Implications for School Counselors

 

Given the extensive influence that the school environment has on military students’ adjustment during school transitions, the importance of developing a supportive and understanding relationship with this student population is paramount. Rush and Akos (2007) note that school counselors are uniquely qualified to assist students with social, emotional and academic concerns. School counselors are specifically trained in child development, and they work closely with numerous sources of student support including parents, teachers and peers. Waliski et al. (2012) confirm that counselors possess the education and skills needed to help military students and are readily accessible within their community. Professional school counselors also have access to academic data that can be used to identify the specific needs of an enrolling military student, such as standardized test scores, attendance records, discipline referrals and report cards. Moreover, school counselors serve students directly by developing and implementing preventive programs and interventions that facilitate support and social belonging such as classroom guidance, intentional guidance groups and peer mentoring (Rush & Akos, 2007). The role of school counselors within the school environment places them in a unique position to serve and advocate for enrolling military students and consequently transform school transition into a positive experience. The following sections will provide an overview of ways that school counselors can support military students in their own schools.

 

Becoming Informed About Military Life

 

To initiate change, school counselors must first be informed about military life and become knowledgeable about resources and culturally sensitive interventions suited for military students (Waliski et al., 2012). Understanding the challenges and the unique needs of military students will help school counselors support military students and families during times of crisis (Harrison & Vannest, 2008). Several resources are available to assist school counselors in becoming advocates for and providing resources and interventions to military students. Organizations such as Operation Military Kids (OMK) and Military One Source provide specific tools and trainings on assisting military children and parents for school staff and community stakeholders (Eason, 2012). These resources could be used in staff development, classroom guidance, parent/teacher conferences, and small group and individual counseling (see Table 1).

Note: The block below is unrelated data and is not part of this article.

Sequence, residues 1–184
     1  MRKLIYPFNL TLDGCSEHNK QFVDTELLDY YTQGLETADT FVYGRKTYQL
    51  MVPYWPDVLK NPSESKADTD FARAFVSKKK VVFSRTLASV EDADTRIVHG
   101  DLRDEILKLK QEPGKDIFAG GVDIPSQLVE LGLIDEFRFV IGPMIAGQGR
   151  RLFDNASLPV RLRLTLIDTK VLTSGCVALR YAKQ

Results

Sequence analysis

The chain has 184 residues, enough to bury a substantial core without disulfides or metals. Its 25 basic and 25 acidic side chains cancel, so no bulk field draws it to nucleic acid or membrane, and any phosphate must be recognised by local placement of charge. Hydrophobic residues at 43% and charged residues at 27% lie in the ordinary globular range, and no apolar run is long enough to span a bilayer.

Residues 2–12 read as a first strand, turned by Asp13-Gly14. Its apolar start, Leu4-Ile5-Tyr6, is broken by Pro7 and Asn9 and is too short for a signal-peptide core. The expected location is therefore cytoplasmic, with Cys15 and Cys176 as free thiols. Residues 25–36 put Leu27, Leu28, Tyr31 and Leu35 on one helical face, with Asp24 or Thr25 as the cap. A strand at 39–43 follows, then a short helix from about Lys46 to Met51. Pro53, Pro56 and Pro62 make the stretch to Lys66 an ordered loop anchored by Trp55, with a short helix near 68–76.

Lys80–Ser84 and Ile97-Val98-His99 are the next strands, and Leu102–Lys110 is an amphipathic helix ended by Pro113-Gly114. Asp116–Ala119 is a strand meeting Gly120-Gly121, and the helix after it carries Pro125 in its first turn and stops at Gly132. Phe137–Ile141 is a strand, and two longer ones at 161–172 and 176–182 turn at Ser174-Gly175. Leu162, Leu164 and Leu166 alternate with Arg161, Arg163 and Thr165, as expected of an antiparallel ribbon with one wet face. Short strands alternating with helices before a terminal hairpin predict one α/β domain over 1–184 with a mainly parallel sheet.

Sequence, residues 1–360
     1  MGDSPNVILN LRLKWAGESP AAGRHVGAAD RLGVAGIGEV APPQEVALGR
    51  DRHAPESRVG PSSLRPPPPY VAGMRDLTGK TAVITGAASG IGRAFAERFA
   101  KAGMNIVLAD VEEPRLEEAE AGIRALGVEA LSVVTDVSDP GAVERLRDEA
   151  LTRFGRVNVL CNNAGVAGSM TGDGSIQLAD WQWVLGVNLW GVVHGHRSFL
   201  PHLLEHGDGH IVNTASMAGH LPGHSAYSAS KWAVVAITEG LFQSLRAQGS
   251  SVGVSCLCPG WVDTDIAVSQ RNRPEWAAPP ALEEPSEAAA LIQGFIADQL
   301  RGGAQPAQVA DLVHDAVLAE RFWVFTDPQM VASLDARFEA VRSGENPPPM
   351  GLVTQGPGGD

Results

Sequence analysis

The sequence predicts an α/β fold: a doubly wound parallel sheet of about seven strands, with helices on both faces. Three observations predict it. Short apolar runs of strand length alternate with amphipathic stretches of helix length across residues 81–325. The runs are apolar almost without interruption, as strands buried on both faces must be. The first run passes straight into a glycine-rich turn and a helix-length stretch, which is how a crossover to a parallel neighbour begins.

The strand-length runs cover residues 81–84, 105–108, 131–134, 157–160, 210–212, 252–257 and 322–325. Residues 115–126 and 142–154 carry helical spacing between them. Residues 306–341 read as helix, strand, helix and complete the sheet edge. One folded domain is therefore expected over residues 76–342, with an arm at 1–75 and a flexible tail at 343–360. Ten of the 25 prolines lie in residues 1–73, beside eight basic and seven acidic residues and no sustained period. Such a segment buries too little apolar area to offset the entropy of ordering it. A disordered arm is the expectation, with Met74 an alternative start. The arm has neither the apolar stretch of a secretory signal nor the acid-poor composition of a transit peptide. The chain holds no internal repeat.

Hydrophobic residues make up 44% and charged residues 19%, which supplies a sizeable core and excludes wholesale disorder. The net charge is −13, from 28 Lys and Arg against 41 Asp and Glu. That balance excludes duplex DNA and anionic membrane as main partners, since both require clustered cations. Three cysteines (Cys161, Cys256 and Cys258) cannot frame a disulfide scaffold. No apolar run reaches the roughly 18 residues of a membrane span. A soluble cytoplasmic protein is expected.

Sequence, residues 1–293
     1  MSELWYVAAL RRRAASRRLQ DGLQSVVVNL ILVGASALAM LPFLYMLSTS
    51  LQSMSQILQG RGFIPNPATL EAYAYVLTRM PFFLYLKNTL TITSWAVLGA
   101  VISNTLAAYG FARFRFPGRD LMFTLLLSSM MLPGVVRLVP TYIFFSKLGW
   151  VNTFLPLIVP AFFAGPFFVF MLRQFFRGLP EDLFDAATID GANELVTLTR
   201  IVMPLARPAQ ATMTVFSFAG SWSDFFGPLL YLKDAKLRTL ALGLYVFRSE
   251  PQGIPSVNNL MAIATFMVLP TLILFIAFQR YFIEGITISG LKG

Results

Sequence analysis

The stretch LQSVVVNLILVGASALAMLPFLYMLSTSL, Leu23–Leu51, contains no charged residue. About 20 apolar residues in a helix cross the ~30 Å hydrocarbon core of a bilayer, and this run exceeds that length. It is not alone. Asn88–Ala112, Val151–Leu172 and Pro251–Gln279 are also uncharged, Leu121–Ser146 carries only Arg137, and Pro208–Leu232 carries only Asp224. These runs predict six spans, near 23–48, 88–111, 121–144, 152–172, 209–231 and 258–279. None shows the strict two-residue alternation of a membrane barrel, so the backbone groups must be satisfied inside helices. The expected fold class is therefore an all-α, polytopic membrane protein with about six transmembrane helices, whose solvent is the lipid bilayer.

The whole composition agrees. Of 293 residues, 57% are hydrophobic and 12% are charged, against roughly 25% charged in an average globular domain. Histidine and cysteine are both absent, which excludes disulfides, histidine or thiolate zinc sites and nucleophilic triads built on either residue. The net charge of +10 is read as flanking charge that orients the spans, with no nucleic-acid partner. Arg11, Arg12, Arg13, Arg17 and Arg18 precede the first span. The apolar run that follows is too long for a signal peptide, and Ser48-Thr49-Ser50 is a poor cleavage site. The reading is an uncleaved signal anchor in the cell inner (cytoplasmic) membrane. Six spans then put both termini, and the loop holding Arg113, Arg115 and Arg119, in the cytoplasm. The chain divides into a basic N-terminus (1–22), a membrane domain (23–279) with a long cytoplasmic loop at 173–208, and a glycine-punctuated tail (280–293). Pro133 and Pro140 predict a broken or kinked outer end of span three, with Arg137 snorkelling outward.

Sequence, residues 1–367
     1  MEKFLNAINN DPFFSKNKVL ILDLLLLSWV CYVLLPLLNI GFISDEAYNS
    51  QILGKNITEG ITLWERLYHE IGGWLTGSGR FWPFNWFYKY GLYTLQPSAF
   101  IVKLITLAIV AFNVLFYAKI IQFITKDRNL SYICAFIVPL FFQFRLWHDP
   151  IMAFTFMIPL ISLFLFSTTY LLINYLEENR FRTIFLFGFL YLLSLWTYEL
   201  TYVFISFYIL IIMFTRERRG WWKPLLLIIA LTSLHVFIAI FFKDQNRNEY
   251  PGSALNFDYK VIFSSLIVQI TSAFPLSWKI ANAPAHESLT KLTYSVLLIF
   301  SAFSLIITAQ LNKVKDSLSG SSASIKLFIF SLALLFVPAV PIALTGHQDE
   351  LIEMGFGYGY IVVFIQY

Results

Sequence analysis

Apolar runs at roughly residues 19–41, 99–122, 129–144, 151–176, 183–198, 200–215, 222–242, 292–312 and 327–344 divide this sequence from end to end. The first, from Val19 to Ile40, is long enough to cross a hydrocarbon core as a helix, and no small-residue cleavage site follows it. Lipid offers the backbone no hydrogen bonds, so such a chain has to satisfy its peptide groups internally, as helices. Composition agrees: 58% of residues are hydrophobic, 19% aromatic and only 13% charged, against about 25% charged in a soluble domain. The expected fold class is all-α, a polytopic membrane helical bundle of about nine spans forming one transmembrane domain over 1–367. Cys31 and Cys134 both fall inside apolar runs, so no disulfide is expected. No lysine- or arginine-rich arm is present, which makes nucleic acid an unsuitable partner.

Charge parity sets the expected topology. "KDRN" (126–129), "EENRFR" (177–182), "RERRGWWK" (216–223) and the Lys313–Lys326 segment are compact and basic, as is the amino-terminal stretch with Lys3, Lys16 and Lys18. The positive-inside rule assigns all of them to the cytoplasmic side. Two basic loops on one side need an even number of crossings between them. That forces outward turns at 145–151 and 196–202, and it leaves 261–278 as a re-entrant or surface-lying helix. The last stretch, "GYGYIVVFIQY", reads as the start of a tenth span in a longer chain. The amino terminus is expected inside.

Student-to-Student Interactions

 

With regard to strategies and programs that acclimatize new students to schools and ease the transition process, student-to-student programs were noted repeatedly in the literature (Berg, 2008; Bradshaw et al., 2010; Harrison & Vannest, 2008; Mmari et al., 2010; Strobino & Salvaterra, 2000). These programs connect new students with current students, who act as guides to the school grounds and reduce anxiety by initiating the friend-making process. One such program is noted by Rush and Akos (2007) in working with middle school students. The authors developed a 10-session, combination psychoeducational-counseling group created by school counselors to increase student knowledge concerning the deployment process. In addition to information sharing by the group leaders and group members early in the process and at the beginning of each session, the “later sessions, and the latter part of each session, are purposefully structured to be less directive and more process oriented to allow group members to pursue individual goals and provide more intrapersonal focus to help with particular issues that emerge” (Rush & Akos, p. 116). Students are further supported through the development of coping skills in a safe, encouraging environment.